High Cost-Sharing Policies For Physician Care May Not Benefit Chronically Ill Patients

Haichang Xin, PhD Department of Health Care Organization and policy School of Public Health University of Alabama at BirminghamMedicalResearch.com Interview with:
Haichang Xin, PhD
Department of Health Care Organization and policy
School of Public Health
University of Alabama at Birmingham

MedicalResearch: What is the background for this study?

Dr. Xin: Since high cost-sharing policies can reduce both needed care and unneeded care use, it raises the concern whether these policies are a good strategy for controlling costs among chronically ill patients, especially whether utilization and costs in emergency department (ED) service and inpatient care will increase in response. Moreover, the costs saved by reduced physician care may be offset or even exceeded by the increased ED or inpatient care expenditures, causing a total cost increase for health plans.

This study was the first to examine whether high cost-sharing policies for physician care are associated with a differential impact on total care costs between chronically ill individuals and healthy individuals. Total care includes physician care, ED service and inpatient care.

MedicalResearch: What are the main findings?

Dr. Xin:  Chronically ill individuals’ probability of reducing any overall care costs was significantly less than healthier individuals (β= 2.18, p = 0.04), while the integrated Difference-in-difference estimator from split results in the two-part model indicated that going from low cost-sharing to high cost-sharing significantly reduced costs by $12,853.23 more for sick people than for healthy people (95% CI: -$17,582.86, -$8,123.60).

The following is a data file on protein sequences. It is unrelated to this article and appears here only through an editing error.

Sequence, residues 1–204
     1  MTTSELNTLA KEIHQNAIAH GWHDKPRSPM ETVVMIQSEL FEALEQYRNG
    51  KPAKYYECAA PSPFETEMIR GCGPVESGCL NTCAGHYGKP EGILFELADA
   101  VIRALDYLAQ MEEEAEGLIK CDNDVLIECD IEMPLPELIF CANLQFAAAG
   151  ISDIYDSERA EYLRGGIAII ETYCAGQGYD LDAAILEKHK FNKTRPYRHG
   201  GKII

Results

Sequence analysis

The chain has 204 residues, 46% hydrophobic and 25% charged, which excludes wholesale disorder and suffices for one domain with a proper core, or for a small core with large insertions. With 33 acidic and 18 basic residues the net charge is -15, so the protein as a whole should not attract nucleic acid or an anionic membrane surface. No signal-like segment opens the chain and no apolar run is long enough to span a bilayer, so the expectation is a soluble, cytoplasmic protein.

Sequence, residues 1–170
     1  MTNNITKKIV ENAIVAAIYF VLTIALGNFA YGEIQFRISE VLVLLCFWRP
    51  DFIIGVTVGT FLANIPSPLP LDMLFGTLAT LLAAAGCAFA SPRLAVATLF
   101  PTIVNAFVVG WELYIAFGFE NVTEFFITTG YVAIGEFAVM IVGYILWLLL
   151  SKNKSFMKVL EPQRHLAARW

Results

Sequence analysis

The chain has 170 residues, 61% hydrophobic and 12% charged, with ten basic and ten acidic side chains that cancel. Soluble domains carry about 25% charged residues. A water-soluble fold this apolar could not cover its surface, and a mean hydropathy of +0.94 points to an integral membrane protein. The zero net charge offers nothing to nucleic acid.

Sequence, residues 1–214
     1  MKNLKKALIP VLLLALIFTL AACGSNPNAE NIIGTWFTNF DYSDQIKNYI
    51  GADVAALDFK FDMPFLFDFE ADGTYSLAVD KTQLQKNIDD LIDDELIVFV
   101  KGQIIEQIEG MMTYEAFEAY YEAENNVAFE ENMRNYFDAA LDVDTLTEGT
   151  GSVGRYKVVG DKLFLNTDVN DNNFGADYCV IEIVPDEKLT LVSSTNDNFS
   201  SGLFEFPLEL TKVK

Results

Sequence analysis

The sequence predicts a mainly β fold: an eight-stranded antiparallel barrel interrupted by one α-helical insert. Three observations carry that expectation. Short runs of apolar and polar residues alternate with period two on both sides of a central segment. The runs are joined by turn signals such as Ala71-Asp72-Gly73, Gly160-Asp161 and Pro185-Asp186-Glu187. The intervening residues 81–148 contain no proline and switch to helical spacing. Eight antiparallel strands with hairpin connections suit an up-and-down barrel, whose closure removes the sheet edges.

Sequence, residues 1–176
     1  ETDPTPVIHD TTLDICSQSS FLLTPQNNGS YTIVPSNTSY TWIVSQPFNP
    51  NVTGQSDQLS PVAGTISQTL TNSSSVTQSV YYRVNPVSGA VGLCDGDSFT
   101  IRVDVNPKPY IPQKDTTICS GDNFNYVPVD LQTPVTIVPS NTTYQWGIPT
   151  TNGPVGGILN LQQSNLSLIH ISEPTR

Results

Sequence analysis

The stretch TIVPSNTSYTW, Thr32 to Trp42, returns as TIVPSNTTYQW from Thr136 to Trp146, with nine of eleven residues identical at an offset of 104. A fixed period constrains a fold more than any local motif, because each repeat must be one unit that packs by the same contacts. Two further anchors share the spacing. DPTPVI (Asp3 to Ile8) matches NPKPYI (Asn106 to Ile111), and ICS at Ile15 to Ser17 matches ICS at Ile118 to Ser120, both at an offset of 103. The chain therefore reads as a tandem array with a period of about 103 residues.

MedicalResearch: What should clinicians and patients take away from your report?

Dr. Xin:  In conclusion, compared with non-chronically ill individuals, chronically ill individuals reduced their total care costs to a greater extent in response to increased cost-sharing in physician care. Chronically ill individuals’ greater cost reductions for total care formed a sharp contrast to their higher demand for medical care compared with that of the general population. Given this, the greater cost reduction in total care among chronically ill individuals would not justify high cost-sharing policies for physician care for them, since these cost savings may have come at the expense of jeopardizing health outcomes by depriving chronically ill patients of needed care.

Findings from this study contribute to the insurance benefit design that can control care utilization and save costs of chronically ill individuals. Health plans need to be cautious of cost-sharing policies for chronically ill enrollees. A generous benefit design with low cost-sharing policies in physician care or primary care is recommended for both health plans and chronically ill individuals, to save costs and protect these enrollees’ health status.

It may be prudent to have specialized health plans for subpopulations that have chronic conditions instead of a universal plan with a one size-fits-all benefit structure. The current study contributes to the necessity and importance of designing insurance policies in terms of differentiation and specification for the target subpopulation.

MedicalResearch: What recommendations do you have for future research as a result of this study?

Dr. Xin:  Future research may consider exploring the differential impacts on total costs over the long term, and trying to reveal a causal relationship of the research question.


How Do High Cost-Sharing Policies For Physician Care Affect Total Care Costs Among People With Chronic Disease?
Xin H

J Ambul Care Manage. 2015 Apr-Jun;38(2):100-8. doi: 10.1097/JAC.0000000000000050.

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MedicalResearch.com Interview with: Haichang Xin, PhD (2015). High Cost-Sharing Policies For Physician Care May Not Benefit Chronically Ill Patients 

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